Standards have been proposed. However, the uses of the substances that contribute most of the environmental emissions, are expected to be banned. Therefore, no additional measures are expected to be required and no cost implications are expected.
Standards have been proposed. Exceedances could be considerable but monitoring data are incomplete. Remediation measures are likely to focus on changes to farm practices, with costs expected to be moderate overall, although potentially significant for individual farmers. The cost estimates are insensitive to the methodology used for the derivation of the EQSs.
Standards have been proposed. Monitoring data are patchy, but point towards limited exceedances in well-defined locations, possibly linked in certain serious cases with historic pollution, and hence outside of the scope of Article 16. This suggests that costs of compliance measures are likely to be low overall, but could potentially be significant in some local cases. EQSs derived using the UK methodology are much less stringent than the ones derived using the EC methodology, although based on the data the implications for exceedance appear limited.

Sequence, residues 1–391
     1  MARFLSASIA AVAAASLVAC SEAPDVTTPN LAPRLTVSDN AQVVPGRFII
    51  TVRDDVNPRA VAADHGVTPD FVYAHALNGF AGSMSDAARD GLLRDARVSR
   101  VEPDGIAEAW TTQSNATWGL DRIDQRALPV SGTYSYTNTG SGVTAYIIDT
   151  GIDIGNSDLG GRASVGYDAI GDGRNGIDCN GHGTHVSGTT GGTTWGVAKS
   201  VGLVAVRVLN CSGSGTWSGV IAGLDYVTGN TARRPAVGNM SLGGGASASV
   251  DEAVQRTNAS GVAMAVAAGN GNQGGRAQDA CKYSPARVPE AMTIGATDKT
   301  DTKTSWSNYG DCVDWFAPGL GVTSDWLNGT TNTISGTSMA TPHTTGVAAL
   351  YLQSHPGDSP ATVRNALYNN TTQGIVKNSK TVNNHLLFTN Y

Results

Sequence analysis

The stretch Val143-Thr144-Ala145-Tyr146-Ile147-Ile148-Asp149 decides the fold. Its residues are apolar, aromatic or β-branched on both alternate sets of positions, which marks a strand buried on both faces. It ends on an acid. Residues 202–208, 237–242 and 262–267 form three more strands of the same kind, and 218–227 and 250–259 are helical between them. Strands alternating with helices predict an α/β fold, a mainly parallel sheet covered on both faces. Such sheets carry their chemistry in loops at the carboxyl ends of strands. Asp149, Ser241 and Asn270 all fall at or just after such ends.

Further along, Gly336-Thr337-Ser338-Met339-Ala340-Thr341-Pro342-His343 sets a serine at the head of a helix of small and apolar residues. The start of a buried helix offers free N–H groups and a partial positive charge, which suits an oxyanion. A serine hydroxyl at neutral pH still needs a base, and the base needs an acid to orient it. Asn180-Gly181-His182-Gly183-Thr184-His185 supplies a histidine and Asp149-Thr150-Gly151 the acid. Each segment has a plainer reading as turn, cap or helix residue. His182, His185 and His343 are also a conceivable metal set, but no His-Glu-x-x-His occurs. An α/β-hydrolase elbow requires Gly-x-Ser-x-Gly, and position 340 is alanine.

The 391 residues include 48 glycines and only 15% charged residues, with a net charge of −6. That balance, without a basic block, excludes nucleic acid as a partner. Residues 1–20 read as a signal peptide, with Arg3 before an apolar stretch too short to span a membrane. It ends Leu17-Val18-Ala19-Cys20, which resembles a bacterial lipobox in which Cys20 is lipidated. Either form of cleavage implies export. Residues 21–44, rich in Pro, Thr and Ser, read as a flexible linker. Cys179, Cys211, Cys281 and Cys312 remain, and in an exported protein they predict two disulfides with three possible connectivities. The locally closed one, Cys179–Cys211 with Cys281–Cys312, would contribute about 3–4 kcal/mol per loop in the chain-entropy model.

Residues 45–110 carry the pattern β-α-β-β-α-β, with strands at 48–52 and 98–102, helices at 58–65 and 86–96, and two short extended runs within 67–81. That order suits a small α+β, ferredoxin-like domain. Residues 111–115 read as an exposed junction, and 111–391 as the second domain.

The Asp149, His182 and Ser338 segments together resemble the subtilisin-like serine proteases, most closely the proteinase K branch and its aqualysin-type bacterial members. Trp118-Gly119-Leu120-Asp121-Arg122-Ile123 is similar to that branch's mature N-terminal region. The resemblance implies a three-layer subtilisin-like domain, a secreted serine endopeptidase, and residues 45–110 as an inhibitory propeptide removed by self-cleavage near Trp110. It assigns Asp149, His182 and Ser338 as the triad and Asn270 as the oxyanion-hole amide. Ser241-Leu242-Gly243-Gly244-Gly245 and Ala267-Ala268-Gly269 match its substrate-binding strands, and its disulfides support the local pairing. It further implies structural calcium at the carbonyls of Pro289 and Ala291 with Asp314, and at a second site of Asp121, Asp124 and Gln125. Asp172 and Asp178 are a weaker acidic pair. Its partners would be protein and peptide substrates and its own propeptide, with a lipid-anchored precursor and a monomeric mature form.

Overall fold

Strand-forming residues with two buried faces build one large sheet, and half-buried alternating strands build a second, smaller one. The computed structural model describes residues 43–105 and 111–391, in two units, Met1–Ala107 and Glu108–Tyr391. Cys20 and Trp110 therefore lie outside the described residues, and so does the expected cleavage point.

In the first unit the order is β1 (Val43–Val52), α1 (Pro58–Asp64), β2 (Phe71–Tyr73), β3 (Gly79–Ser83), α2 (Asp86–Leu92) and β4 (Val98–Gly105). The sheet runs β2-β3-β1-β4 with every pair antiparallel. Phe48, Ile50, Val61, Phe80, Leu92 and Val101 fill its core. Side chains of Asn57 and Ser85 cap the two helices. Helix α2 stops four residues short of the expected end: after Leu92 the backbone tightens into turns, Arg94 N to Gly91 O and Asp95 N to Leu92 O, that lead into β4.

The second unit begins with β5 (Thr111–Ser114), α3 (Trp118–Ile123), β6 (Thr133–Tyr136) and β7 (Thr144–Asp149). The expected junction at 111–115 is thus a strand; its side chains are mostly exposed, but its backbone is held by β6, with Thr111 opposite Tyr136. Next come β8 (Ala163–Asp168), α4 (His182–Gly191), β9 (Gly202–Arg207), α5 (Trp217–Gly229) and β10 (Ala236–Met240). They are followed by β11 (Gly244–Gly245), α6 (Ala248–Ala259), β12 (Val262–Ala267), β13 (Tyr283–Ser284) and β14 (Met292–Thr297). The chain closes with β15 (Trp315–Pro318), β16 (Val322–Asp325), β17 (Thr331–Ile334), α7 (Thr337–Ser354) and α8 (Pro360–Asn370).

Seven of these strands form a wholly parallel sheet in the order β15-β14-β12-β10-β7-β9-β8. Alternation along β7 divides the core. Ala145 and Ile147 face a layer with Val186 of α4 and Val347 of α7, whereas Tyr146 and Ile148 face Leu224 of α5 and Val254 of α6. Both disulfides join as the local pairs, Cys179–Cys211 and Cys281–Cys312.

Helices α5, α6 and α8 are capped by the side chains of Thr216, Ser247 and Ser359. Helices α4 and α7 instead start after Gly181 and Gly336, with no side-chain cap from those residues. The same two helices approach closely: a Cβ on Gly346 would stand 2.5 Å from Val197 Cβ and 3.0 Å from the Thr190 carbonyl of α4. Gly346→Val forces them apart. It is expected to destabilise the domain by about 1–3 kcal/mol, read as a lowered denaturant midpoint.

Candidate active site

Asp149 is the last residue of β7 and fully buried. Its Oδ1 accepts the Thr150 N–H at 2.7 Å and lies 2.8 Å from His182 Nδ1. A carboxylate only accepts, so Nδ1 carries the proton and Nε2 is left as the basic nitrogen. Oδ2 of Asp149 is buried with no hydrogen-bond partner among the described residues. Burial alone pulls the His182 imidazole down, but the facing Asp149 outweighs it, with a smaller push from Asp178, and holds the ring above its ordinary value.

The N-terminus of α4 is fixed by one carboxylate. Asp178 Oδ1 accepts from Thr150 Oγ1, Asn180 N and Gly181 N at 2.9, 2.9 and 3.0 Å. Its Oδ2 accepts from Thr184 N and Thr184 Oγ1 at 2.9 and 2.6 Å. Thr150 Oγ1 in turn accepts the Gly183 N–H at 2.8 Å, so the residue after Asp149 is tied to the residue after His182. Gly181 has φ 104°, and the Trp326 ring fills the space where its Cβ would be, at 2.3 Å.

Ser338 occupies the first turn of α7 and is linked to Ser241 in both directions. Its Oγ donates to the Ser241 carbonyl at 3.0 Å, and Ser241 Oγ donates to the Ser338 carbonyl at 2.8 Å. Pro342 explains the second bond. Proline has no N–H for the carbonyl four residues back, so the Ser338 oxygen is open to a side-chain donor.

Polycyclic aromatic hydrocarbons
The assessment is limited by a lack of monitoring data, and refers only to a comparison with the situation observed over the period 1993-1995. Since then we would have expected possibly significant improvements in water quality status.
The cost implications for meeting the PAH EQSs could be considerable. If the strictest EQSs are adopted, these could amount to billions of pounds. Adoption of less stringent standards is likely to significantly reduce non-compliance, but remaining exceedances could still require considerable expenditure, possibly hundreds of millions of pounds, or more. Cost implications can only be described as high, therefore. However, this is subject to information on the impacts of recent and planned investments in wastewater treatment by industry and water companies, as well as expenditure to address combined sewer overflows, which has not been available in structured form.
Copies of this report may be available as an Acrobat pdf download under the 'Completed Research' heading of the Research Page on the DWI website.